Posted on 15 Dec 2009
Twenty percent of agents and brokers in a reader poll said they are considering using social networking for marketing, but less than 25 percent currently employ it, according to an exclusive American Agent & Broker survey.
Published in AA&B's December issue on Internet marketing, the unscientific survey suggests that although agents may still be holding back from full involvement in social media, interest is strong in reaching customers through other web methods.
The online survey, which was conducted in October and November, included more than 600 participants of all sizes and locations. The questions focused on what types of Internet marketing methods users were currently employing, from basic Web sites to Twitter and Facebook.
In general, the responses suggest that although most agents and brokers are actively using more traditional Internet methods, they have been slower to get involved in more cutting-edge practices.
When asked whether their agency or brokerage had a social media presence, 58.1 percent said no, 22.3 percent said yes, and 19.6 percent said they were considering it.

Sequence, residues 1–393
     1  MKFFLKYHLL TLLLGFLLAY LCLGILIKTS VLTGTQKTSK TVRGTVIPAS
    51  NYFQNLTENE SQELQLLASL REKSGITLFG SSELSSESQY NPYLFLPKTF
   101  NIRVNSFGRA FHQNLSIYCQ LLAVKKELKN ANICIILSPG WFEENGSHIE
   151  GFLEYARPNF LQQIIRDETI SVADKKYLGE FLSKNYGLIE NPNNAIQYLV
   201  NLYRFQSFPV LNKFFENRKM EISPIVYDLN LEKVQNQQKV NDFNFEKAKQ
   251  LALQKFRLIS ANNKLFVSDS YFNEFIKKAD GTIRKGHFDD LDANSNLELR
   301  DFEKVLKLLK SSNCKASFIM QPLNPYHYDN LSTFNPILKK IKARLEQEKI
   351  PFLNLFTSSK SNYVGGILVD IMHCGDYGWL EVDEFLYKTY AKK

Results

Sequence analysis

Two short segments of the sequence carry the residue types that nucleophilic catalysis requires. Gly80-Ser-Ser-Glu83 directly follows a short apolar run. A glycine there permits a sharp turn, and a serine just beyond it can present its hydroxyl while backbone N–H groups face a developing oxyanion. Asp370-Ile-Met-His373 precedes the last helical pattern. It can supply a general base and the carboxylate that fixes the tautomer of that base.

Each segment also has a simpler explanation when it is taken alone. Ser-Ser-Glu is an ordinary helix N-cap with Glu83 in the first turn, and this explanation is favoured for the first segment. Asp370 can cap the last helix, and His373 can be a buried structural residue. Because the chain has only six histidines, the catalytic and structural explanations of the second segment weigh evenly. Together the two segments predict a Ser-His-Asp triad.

Of those respondents who had a social media presence, 26.6 percent used LinkedIn, 24.9 percent Facebook, 11.4 percent on Twitter, and 3.8 percent on MySpace.
Of the social networking users, 47 percent reported having a formal policy on what employees can do on the Web during working hours.
Surprisingly, even the use of a basic website is not ubiquitous. Although 81 percent of respondents reported having an agency website, 19 percent did not.
Of those respondents with webites, the majority (32.3 percent) had supervised a redesign over the past six-to-nine months, 24.6 percent did so more than two years ago, and 21.9 percent over the past year.
In an open-ended question, several respondents commented that they didn’t pursue any form of Internet marketing because Web sales were “undesirable.”
Along with websites and social networking, other popular marketing methods used to reach current and prospective customers included:
• E-mail marketing (49.3 percent).
• Search engine optimization (24.9 percent).
• Lead-based websites (13 percent).
• Interactive webite such as reader forums (10.4 percent).
• Electronic customer relationship management (8.4 percent).
Other methods mentioned in an open-ended question included insurer-sponsored websites, online and print advertising, telemarketing, seminars, direct mail, cross-policy sales lists, and instant quotes and purchase options on website.